by ProfDave, ©2020
(Nov. 16, 2020) — Two years ago a Barna poll showed 59% of Americans believed the country is on the wrong track and a veto-proof majority of both liberals and conservatives believe we are going the wrong way morally. So it isn’t just us – it is worse now.
To be sure, left and right disagree on some matters of right and wrong, but this is way beyond what consenting adults do in their bedrooms. Where is all this hatred, violence, abuse, abandonment, lying and cheating coming from? Why are we raising a generation of angry nihilists?
Could I suggest that we need to agree that good is good and bad is bad (whatever your definition of either), positive is positive and negative is negative? Let’s admit that banishing positive values, such as faith and morality, from the public schools was not a good thing. That kids who bring their Bibles to school and pray over their lunch are less likely to bully homosexuals or anybody else, bring drugs or shoot up the place. That sincere religion (excepting Jihadism) is the most powerful antidote we know to hatred, violence, abuse, abandonment, lying and cheating – ie the moral mess we’re in. Better to deal with the occasional self-righteous rebuke or overzealous proselyting than the mindless rage we now have. And if militant secularists do not like it, they need to come up with positive moral incentives that can compete. Yelling “separation of church and state” has brought only unilateral moral disarmament and cultural negativity. In the meantime, while we are waiting, we need to bring God back. He’s a positive influence.
We need a return to positive values in America. Just to get along. Whether we agree with each other or not, we need to encourage encouragement. Just to be safe in public. Half a century ago not even the insane would consider shooting up a church or a school. We need to lower the temperature (fever) of hatred in our society. We need to talk, not yell. Whether we believe or not, we need to bring back God for the sake of general goodness.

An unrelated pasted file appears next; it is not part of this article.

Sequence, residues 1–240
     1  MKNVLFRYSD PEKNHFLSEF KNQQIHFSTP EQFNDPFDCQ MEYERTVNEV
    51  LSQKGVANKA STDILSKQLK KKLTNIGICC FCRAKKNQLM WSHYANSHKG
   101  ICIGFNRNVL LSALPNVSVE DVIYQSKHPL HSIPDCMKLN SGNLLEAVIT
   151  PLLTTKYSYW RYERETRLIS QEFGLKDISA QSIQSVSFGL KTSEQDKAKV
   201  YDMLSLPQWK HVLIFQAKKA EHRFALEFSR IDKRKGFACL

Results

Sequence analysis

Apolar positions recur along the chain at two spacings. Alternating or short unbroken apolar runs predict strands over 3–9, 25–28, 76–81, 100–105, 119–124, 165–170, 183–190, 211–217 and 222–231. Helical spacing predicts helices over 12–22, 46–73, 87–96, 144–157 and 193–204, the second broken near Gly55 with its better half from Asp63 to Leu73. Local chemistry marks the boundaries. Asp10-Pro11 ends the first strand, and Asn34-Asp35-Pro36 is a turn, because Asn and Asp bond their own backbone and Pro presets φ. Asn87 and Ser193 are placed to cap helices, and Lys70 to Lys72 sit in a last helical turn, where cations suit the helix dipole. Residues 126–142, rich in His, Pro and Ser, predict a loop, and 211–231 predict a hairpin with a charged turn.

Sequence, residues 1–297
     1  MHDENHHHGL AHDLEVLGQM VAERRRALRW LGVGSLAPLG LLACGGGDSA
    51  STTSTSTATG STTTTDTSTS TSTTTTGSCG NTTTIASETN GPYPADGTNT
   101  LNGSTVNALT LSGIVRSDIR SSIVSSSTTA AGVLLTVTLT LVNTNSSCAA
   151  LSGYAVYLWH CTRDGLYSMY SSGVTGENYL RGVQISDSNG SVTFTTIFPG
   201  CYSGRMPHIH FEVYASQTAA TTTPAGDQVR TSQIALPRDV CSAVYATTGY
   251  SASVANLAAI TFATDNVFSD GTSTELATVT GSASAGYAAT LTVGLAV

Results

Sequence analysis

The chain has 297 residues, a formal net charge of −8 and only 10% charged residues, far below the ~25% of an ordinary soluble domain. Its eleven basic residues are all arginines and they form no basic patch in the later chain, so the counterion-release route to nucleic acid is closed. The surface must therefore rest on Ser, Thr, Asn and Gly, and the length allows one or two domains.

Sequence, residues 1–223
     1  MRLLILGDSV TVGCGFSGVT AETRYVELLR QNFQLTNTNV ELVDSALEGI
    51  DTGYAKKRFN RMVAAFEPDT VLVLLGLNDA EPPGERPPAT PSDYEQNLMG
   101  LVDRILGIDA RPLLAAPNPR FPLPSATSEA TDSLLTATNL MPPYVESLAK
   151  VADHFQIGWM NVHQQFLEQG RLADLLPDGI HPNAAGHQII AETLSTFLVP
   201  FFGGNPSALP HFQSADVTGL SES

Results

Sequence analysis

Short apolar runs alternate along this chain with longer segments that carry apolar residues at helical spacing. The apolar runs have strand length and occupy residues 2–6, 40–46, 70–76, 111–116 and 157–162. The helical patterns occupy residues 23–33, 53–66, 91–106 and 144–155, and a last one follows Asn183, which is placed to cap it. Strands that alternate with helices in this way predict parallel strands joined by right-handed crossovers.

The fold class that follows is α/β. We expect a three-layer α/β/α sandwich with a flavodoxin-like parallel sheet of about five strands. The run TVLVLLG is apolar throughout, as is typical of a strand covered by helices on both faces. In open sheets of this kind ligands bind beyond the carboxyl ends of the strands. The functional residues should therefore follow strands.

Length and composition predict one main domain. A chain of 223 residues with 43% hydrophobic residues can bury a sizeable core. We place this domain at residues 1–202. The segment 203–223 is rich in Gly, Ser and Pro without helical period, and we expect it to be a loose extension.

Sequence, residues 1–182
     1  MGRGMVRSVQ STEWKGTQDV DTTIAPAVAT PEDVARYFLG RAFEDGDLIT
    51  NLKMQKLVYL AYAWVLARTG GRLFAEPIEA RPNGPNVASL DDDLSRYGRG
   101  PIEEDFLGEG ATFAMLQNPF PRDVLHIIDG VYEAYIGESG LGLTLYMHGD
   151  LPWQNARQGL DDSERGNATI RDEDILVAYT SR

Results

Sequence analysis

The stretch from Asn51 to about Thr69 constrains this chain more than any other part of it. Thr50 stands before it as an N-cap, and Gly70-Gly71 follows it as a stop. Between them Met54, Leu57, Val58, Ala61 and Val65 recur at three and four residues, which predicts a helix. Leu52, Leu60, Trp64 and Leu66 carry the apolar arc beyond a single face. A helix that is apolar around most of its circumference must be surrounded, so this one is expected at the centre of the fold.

We also need to bring back the family. It isn’t really practical to do away with children. The process of mass extinction is too painful. Given that there are going to be sub-adults in our society, someone has to raise them. The continuation of civil society depends on it. Letting them raise themselves while the adults do their own thing does not work. Have you noticed that just about all the school shooters have been fatherless boys? While society is intent on social experiments for adult sexual expression, we have yet to find a better factory for productive citizens than a dedicated mother and father raising their own young to adulthood. Perhaps, until something better comes along, we should encourage what we know works and stop attacking and undermining it? Be positive about the positive. Preserve the future.
No sane person is proposing to coerce belief or traditional marriage, but can’t we admit these are positive things? Even the great French skeptic Voltaire wanted his servants to be good Catholics so they wouldn’t steal the silver. Devout kids, raised in intact families, cause less trouble. Who wants trouble?